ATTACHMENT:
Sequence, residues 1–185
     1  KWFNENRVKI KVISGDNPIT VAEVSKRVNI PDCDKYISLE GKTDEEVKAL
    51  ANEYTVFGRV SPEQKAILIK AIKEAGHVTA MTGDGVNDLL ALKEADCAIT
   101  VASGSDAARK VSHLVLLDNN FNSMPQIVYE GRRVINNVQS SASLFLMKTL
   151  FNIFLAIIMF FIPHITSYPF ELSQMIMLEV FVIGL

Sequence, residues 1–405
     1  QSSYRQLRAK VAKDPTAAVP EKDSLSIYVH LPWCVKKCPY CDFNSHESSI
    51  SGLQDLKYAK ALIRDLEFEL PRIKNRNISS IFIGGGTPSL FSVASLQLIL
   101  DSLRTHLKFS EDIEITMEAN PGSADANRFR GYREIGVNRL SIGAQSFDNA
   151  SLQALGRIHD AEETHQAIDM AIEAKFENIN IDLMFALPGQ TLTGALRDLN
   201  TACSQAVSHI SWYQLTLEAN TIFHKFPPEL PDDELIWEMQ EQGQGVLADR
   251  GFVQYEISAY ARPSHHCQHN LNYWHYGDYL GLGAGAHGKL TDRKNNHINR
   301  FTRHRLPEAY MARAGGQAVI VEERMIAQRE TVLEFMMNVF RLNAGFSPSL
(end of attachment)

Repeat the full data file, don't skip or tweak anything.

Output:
Sequence, residues 1–185
     1  KWFNENRVKI KVISGDNPIT VAEVSKRVNI PDCDKYISLE GKTDEEVKAL
    51  ANEYTVFGRV SPEQKAILIK AIKEAGHVTA MTGDGVNDLL ALKEADCAIT
   101  VASGSDAARK VSHLVLLDNN FNSMPQIVYE GRRVINNVQS SASLFLMKTL
   151  FNIFLAIIMF FIPHITSYPF ELSQMIMLEV FVIGL

Sequence, residues 1–405
     1  QSSYRQLRAK VAKDPTAAVP EKDSLSIYVH LPWCVKKCPY CDFNSHESSI
    51  SGLQDLKYAK ALIRDLEFEL PRIKNRNISS IFIGGGTPSL FSVASLQLIL
   101  DSLRTHLKFS EDIEITMEAN PGSADANRFR GYREIGVNRL SIGAQSFDNA
   151  SLQALGRIHD AEETHQAIDM AIEAKFENIN IDLMFALPGQ TLTGALRDLN
   201  TACSQAVSHI SWYQLTLEAN TIFHKFPPEL PDDELIWEMQ EQGQGVLADR
   251  GFVQYEISAY ARPSHHCQHN LNYWHYGDYL GLGAGAHGKL TDRKNNHINR
   301  FTRHRLPEAY MARAGGQAVI VEERMIAQRE TVLEFMMNVF RLNAGFSPSL